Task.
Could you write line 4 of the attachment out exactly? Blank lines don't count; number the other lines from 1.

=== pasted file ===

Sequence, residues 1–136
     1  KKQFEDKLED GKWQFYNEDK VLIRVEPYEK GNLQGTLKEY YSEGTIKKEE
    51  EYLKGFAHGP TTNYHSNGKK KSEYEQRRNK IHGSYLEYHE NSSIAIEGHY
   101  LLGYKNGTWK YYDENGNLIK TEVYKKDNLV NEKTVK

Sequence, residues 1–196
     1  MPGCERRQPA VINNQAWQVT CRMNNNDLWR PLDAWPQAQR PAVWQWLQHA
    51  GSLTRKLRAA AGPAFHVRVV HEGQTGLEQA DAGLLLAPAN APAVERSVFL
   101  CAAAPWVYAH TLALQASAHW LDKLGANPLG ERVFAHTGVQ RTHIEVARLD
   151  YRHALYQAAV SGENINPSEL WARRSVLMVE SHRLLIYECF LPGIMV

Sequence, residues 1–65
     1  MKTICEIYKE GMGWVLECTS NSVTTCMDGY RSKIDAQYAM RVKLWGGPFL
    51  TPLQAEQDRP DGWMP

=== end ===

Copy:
   101  LLGYKNGTWK YYDENGNLIK TEVYKKDNLV NEKTVK